ATLANTA — Georgia’s academic community is trying to spark the kind of commercial spinoffs that have propelled Boston, Austin, San Francisco and North Carolina with a half-day conference Monday to showcase examples of discoveries that have turned into businesses here.
The University System of Georgia issued invitations in the name of Chancellor Hank Huckaby to draw hundreds of legislators, business executives and college presidents to hear how some companies did it and kick around ideas on how others could, too.
Huckaby told them that economic development is one of his top priorities for the state’s 35 public colleges and universities. He wants each to do a better job of tapping into their faculty’s many innovations.
“From the smallest to the largest schools, from the schools with the simplest mission to the ones with the toughest mission, we are really doing great things in the University System of Georgia. The thing we weren’t doing was telling our story very well,” he said, “certainly not telling it in different venues and different ways.”
He announced that the system is working with members of the private sector to draft a communication plan to be kicked off next year.
Georgia Economic Development Commissioner Chris Cummiskey said the state suffers when trying to interest outside companies because of its image like Silicon Valley or Research Triangle.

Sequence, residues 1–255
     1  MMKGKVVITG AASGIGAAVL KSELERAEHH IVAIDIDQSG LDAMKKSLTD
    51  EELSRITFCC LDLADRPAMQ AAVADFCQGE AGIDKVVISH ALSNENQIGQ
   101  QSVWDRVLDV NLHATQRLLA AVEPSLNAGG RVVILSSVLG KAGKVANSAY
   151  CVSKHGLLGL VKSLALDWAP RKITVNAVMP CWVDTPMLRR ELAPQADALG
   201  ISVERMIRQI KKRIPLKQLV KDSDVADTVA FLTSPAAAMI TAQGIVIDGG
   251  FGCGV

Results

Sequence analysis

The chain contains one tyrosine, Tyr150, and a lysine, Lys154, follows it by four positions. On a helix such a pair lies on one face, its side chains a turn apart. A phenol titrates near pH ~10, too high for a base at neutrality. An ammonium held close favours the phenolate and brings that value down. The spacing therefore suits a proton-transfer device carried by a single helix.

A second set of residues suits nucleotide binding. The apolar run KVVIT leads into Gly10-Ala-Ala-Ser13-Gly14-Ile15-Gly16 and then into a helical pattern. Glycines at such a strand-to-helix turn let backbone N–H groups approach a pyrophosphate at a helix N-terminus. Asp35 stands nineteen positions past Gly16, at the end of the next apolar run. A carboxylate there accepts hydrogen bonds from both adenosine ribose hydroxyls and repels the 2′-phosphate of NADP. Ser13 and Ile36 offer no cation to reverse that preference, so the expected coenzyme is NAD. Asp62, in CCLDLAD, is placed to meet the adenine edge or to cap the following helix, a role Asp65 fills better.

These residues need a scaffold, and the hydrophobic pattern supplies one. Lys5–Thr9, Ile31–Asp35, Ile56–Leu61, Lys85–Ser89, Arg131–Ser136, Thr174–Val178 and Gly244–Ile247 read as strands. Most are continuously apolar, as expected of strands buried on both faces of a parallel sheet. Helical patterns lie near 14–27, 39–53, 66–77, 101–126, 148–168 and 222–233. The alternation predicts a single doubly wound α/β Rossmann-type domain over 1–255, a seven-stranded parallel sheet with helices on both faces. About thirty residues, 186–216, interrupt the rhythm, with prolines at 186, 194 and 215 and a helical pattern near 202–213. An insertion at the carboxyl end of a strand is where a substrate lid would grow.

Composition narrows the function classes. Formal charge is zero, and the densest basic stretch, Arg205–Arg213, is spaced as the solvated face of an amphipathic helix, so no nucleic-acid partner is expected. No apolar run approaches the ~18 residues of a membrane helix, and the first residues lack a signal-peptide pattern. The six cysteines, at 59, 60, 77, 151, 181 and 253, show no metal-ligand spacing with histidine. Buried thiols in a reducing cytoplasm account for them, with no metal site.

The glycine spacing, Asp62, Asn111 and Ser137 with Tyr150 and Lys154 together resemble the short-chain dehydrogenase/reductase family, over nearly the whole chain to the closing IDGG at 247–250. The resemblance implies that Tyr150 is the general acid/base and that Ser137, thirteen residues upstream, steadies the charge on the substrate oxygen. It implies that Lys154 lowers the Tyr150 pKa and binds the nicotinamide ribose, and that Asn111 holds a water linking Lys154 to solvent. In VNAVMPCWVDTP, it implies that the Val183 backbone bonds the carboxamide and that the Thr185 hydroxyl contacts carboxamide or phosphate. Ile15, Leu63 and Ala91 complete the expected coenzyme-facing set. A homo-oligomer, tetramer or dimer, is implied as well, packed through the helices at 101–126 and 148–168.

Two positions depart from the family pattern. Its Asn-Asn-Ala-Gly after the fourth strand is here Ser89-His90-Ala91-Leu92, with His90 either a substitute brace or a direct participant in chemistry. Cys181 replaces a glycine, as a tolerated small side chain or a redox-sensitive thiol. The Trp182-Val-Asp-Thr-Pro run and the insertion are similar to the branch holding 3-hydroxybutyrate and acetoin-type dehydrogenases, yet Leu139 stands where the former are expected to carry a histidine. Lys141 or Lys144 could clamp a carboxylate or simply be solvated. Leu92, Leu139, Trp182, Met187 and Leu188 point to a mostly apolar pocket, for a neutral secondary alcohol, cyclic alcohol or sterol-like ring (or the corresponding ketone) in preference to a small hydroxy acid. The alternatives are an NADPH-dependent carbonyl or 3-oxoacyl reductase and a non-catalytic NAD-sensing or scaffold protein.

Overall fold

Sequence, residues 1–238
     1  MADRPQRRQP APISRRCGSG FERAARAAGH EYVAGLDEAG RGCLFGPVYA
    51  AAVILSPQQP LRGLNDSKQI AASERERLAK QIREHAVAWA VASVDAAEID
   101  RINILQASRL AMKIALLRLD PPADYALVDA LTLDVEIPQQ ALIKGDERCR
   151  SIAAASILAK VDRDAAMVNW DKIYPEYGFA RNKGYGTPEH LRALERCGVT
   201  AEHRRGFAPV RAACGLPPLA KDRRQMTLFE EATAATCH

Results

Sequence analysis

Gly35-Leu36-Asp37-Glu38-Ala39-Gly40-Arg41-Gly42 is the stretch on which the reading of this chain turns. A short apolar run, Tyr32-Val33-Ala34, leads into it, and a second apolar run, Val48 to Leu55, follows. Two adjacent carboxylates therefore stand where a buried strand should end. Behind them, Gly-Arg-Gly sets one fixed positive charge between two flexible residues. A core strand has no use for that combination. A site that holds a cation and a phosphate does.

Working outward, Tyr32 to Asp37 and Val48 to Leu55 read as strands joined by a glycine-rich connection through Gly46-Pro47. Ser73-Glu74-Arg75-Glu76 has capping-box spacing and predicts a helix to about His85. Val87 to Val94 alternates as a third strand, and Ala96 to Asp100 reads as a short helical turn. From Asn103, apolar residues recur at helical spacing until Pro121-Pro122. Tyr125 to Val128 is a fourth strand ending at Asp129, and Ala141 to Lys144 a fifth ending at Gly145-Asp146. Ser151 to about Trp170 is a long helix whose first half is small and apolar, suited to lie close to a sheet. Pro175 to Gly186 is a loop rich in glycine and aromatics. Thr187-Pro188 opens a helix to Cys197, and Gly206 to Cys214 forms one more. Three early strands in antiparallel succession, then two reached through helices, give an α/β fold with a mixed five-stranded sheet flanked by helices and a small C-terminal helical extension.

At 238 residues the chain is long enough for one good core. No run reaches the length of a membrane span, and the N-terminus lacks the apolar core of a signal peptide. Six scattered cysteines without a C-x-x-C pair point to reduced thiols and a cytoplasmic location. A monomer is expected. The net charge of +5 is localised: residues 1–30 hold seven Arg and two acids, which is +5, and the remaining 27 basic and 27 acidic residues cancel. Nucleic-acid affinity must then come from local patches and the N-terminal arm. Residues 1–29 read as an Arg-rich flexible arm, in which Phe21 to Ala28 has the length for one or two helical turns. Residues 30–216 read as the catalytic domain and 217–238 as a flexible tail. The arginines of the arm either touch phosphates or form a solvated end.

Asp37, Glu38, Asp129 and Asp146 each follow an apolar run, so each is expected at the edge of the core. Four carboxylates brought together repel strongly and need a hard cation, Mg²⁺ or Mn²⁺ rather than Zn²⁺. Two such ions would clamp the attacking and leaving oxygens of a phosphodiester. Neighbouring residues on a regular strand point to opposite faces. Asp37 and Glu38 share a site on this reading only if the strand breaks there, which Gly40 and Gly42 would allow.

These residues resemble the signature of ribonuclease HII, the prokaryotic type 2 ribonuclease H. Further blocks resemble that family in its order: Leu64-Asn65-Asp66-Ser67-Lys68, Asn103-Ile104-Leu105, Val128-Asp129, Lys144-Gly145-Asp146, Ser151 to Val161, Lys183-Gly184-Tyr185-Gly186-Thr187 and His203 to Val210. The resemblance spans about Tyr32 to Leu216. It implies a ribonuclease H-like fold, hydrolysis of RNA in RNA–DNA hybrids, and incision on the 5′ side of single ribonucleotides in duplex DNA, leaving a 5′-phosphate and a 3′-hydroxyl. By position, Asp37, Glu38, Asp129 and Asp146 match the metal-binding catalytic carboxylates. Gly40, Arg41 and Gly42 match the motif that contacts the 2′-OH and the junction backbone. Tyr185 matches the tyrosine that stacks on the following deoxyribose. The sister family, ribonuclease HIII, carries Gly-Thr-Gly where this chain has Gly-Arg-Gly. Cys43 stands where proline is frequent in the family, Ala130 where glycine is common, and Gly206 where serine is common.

“We don’t have a great brand,” he said. “We don’t.”
Georgia has a lower cost of living and cost of doing business than other states with a reputation as hubs for invention, and it has academics who are just as innovative as those other states, he said.
The companies on display included Camellix LLC that sells chewing gum and losenges to prevent dry mouth that were developed by Dr. Stephen Hsu, a professor at Georgia Health Sciences University. Another was IS3D, an Athens company that sells interactive science textbooks based on research at the University of Georgia. A 86-year-old Newnan company that makes parts for industrial freezers that were refined with technology produced at Georgia Tech.
Huckaby acknowledged that part of the challenge is convincing university professors to recognize the commercial potential of their research and to try to exploit it. He also advocated teaching entrepreneurial skills in undergraduate classes.
“We’re under no illusions that this will be easy,” he said. “Higher education does not have a reputation of changing very quickly.”